Approximately 20 million Americans, myself included, report some type of hearing problems. As we age, this problem only grows more acute. Hearing loss affects a staggering 29% of persons 65 and older.
How prepared is law enforcement in dealing with those of us that are deaf and hearing impaired?
Not prepared enough.
This January, Pearl Pearson, a 64 year-old deaf man, was attempting to show patrolmen a placard saying "I am deaf" when they pulled him from his car, brutally assaulted him, dislocating his shoulder and swelling his eyes. Immediately following Pearson's assault, the officers' dashboard camera reveals officers cursing after they run a quick check of his license and find out that he is deaf. The district attorney announced that the patrolmen involved would not be charged for this brutal attack on the same day that he charged Pearson—who has two sons who are police officers—with resisting arrest.
And last February Jonathan Meister was carrying his belongings from his friend's home when officers mistook him for a burglar, determined that his attempts to use sign language were aggressive, and began beating, tasering and choking him to the point of unconsciousness.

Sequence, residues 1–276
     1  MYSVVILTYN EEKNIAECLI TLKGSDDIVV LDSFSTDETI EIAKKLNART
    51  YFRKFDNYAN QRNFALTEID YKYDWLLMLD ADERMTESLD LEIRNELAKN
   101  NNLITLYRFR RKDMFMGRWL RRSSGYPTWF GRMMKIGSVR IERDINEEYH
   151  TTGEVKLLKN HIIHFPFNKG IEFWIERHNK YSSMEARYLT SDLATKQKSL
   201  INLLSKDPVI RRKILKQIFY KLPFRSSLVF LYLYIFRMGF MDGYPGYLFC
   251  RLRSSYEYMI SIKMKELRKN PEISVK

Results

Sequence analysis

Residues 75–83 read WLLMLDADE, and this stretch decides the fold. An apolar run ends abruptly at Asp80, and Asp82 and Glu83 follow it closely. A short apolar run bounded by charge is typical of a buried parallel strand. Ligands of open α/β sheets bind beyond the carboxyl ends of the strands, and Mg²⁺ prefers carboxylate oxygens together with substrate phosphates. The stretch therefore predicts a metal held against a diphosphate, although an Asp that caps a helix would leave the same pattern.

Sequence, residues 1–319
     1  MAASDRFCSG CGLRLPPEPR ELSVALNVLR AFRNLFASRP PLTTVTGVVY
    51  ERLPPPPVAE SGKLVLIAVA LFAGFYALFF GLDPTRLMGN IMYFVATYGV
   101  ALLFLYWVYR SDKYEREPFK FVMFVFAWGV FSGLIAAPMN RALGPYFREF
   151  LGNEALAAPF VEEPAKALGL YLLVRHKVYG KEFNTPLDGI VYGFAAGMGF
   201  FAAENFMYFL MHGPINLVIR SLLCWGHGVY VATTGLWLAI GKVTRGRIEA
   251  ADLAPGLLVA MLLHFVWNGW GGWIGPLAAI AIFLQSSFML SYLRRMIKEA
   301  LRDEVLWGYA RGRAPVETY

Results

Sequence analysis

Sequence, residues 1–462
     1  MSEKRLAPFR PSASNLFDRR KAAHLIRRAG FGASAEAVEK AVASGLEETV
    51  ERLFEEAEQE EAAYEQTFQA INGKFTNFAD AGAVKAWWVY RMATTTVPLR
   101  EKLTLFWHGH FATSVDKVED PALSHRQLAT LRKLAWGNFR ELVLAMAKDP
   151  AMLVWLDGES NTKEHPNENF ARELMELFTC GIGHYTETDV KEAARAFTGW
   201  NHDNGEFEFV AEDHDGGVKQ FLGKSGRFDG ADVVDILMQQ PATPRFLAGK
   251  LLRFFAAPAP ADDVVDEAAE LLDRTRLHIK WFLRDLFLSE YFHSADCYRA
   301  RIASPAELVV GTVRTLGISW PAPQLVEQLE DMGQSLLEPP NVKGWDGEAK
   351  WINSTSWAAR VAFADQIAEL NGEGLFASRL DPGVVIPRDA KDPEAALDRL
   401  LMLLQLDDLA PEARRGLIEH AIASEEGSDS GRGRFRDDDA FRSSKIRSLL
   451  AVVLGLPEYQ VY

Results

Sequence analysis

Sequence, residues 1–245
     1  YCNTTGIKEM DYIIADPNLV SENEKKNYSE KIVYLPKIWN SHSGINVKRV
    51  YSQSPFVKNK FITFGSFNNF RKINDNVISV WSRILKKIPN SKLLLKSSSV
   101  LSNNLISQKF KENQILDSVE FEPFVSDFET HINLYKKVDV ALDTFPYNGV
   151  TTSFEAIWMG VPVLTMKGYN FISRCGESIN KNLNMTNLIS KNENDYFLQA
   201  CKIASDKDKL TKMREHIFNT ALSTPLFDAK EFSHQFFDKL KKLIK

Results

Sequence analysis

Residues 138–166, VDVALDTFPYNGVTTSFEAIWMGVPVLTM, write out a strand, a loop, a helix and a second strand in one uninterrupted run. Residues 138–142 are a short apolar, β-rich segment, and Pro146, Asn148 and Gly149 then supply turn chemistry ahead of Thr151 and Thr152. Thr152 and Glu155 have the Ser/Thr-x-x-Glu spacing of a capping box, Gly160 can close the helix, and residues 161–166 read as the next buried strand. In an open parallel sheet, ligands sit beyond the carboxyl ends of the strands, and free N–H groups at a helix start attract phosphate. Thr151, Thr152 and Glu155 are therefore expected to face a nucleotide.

These stories highlight the woeful lack of training about -- and awareness of -- Deaf culture and communication within police departments across the nation. They illustrate the urgent need for systemic change.
The ACLU has teamed up with Marlee Matlin and Helping Educate to Advance the Rights of the Deaf (HEARD) on an American Sign Language video to ensure deaf people know their rights when interacting with law enforcement.
The ACLU is working with HEARD to collect stories of law enforcement abuse and discrimination against deaf and hard of hearing people. Fill out this short form to let your voice be heard.